Q: What years did you serve as the Colorado FFA State President?
A: I was the state president from 1968 through 1969.

Q: Where did you attend school and which FFA Chapter was you a member of?
A: Crowley County in Ordway.

Q: Who was your advisor back then?
A: I started with a man by the name of Merle Stevens and, by the time I got out of school, Darrell Jones was my ag teacher.

Q: What was the driving force in making you want to run for state office?
A: It started when I was a freshman in high school. The chapter had the state president come and give a speech at the banquet - it was a man by the name of Jim Knight from Woodrow - and the next morning in ag class the advisor, Merle Stevens, asked me what I thought. I can't remember how I answered him, but he said: "You could do that, too." So, that was my goal from then on.

Q: What were your duties as a state officer back then, and how were you involved in everything that went on across the state?
A: Well, the first thing I am going to say is what I got to experience and learn was worth more than a year of college.
I guess the two most important things we did as an officer team is we tried to visit and spend one day with every chapter in the state. That was a chance to visit with some of the younger members and try to encourage them.
In addition to that, we spent National FFA Week in one of the districts in the state, as an officer team, and we tried to visit every chapter in that district; it changed districts every year. There were a lot of other things like leadership conferences, speaking at banquets, and all that stuff.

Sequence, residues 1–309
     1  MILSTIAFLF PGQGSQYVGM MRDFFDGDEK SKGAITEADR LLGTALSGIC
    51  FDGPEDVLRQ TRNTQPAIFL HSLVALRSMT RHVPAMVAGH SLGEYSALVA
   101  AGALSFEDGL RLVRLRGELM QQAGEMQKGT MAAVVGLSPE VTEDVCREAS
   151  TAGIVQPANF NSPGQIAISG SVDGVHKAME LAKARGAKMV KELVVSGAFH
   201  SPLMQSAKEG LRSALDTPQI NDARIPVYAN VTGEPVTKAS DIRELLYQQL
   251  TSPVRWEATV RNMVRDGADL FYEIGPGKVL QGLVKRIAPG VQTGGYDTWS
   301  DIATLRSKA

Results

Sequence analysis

Q: During your high school years in FFA, what teams and activities were you a part of?
A: In my chapter, you did something different every year. So, I was on the dairy judging team, the crop judging team, the livestock judging team and the soils team.

Q: What have you went on to do in your adult profession that your FFA experiences have helped you with?
A: I've been asked this question several times: "What class did you take in high school that helped you the most in college?" and my answer is always agriculture.
FFA opens your eyes to new ways, new ideas, but, more important than that, it teaches you that you have to keep learning your entire life.

Q: So, you own and operate Reid Cattle Company. Aside from that, what other ag and rural organizations are you a part of?
A: I have been actively involved in agriculture water rights for most of 40 years, primarily involved with the wells and well augmentation and those kinds of things. I currently serve as president of the Horse Creek Water Users Association. I'm also actively involved in the Colorado Independent Cattle Growers, where I served on the board and as president.

Q: What is your advice to this generation of FFA members, and kids who are thinking about running for a state office?
A: The most important thing is to set your goals high and then work towards them. The opportunities presented to any student in the vocation of agriculture and the FFA are unlimited at this point, and the skills learned through FFA will help any kid no matter what profession they decide to enter.